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The Canyon also comes exclusively with the high-output version of GM’s 2.7-liter turbocharged I-4, with a stout 310-horsepower and 430 lb-ft. of torque. At times it feels even more powerful than those numbers would indicate, with its diesel-like torque delivery enabling a best-in-class max tow rating of 7,700-lbs. No choice of transmission either, strictly 8-speed automatic, but you can still decide whether you want rear or 4-wheel-drive.

At minimum, ground clearance is 9.6-inches, which is more than an inch taller than last year, and almost 2-inches over Chevy’s base Colorado. And since it’s all about the off-road packages these days, our AT4 tester comes with 4-wheel drive, off-road suspension, locking rear diff, 2-speed transfer case, hill descent control, and 18-inch wheels with all-terrain tires.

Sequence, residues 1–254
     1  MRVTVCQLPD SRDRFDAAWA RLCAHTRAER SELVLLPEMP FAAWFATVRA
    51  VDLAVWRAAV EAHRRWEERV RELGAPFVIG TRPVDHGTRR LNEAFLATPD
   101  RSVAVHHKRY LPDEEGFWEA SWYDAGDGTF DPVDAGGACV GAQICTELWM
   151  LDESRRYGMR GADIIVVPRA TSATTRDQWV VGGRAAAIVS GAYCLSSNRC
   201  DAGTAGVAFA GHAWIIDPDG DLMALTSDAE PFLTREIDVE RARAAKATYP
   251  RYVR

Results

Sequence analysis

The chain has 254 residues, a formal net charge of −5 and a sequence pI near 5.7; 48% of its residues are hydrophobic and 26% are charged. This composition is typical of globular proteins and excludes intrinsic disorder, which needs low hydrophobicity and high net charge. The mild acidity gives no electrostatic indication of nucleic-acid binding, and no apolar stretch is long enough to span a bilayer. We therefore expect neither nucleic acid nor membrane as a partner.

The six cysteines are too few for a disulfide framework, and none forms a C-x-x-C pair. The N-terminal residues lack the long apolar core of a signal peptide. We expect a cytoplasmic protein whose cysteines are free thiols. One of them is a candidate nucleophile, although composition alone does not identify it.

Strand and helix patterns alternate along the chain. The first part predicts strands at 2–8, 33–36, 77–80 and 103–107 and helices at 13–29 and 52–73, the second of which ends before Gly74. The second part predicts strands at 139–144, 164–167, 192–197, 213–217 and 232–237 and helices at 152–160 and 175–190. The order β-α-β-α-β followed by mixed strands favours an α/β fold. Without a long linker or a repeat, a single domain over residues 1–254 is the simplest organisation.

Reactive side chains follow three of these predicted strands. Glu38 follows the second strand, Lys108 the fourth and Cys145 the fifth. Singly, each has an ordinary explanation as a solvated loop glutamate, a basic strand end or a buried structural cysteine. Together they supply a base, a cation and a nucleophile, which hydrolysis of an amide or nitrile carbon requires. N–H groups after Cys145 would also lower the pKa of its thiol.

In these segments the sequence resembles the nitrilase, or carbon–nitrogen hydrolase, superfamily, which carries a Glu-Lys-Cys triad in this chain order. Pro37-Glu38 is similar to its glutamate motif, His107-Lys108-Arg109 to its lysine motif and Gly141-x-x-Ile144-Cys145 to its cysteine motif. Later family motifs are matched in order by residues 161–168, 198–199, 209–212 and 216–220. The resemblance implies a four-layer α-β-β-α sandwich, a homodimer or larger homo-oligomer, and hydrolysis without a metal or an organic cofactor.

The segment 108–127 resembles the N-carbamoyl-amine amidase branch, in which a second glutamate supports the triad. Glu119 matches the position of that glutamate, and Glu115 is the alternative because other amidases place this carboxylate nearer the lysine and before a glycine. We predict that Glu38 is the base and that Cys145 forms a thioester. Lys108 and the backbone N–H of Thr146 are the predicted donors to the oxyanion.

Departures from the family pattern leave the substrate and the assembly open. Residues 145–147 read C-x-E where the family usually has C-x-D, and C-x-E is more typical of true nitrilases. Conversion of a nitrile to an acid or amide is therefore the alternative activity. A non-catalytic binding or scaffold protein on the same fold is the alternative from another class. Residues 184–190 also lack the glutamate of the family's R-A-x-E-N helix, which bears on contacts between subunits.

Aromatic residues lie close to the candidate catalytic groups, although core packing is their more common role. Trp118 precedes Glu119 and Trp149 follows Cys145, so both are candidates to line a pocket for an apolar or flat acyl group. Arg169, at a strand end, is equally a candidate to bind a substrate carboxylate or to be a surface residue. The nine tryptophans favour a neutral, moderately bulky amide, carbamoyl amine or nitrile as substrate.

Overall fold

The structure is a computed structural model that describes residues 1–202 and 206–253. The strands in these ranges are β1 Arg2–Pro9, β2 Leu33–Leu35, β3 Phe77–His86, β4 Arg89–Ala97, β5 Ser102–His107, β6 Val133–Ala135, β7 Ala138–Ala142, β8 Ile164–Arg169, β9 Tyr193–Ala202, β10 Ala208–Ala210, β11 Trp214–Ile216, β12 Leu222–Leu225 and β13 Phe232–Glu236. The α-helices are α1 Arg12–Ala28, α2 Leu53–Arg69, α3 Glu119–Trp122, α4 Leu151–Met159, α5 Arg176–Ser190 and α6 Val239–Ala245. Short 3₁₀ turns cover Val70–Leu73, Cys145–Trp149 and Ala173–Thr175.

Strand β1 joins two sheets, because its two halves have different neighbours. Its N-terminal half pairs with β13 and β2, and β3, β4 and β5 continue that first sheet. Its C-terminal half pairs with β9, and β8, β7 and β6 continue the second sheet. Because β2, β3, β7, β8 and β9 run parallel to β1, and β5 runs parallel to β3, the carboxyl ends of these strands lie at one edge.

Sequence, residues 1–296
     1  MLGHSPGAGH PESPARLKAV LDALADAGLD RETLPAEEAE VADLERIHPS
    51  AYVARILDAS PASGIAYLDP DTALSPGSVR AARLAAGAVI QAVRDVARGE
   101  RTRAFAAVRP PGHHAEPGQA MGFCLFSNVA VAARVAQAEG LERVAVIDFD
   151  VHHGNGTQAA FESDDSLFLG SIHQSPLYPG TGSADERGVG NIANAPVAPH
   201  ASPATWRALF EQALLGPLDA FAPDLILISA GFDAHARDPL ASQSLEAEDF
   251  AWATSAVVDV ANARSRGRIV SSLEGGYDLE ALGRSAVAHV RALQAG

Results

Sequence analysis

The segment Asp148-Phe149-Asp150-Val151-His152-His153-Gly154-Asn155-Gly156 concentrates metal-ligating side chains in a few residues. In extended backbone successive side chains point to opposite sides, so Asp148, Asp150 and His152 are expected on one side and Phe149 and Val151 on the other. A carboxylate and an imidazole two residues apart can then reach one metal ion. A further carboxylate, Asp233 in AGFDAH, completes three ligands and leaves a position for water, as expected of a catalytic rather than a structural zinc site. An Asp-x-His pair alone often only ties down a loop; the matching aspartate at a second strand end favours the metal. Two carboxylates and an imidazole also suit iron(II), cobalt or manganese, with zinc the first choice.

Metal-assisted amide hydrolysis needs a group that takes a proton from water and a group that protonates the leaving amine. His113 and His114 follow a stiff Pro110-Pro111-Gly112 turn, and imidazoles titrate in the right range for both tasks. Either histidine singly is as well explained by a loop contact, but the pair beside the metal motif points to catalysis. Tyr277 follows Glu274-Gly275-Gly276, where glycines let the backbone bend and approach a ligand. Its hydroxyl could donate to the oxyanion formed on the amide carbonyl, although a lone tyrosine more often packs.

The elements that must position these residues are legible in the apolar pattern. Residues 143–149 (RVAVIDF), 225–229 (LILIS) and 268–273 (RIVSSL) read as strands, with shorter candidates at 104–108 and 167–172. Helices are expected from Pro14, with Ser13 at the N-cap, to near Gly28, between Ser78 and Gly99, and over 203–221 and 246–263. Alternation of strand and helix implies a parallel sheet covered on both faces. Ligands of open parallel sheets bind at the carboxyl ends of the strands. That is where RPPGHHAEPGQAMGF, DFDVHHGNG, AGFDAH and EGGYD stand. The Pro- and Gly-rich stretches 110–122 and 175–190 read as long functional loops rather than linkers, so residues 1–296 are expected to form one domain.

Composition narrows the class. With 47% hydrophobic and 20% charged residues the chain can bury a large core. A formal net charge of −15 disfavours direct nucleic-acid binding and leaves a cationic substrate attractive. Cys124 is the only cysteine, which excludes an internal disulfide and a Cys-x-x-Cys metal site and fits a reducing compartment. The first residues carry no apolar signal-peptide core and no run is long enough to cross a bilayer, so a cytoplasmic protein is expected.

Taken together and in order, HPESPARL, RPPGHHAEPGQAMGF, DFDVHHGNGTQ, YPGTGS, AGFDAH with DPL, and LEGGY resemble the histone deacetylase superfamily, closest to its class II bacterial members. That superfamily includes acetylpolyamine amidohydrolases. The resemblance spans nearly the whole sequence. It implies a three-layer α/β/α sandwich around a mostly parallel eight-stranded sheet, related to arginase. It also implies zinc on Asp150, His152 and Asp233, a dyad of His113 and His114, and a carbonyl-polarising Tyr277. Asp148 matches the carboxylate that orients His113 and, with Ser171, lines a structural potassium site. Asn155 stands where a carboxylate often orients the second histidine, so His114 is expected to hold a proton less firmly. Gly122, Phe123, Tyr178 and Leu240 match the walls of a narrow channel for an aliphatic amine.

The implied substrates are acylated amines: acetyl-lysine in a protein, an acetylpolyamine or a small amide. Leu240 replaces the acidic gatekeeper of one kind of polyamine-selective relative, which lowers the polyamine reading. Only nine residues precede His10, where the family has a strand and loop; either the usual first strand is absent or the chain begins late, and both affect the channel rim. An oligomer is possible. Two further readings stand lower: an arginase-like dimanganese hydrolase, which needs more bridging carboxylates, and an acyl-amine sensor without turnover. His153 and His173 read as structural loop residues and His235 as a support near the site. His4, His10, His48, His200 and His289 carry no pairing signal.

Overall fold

And that’s just where things get started, as at the top of the heap, there’s a new AT4X with 10.7-inches of ground clearance, enhanced front and rear e-locking differentials, 33-inch mud terrain tires, Multimatic dampers, and an additional Baja Drive Mode. We’ll have more on the AT4X real soon.

But for all Canyons, including this AT4, GMC went tech-heavy, as all get 11-inch infotainment screens and a fully digital driver display in either 8 or 11-inches. Plus, an available head up display comes with most trims, and there are even optional underbody cameras.

Unique AT4 features include a Jet Black and Timber interior motif with stitched logos on the leather front seats. Those seats are definitely comfortable, and it feels maybe a tad roomier than before, but still well shy of the sprawling space in a full-size truck. It’s even more noticeable in the rear, though there are more practical storage options back here.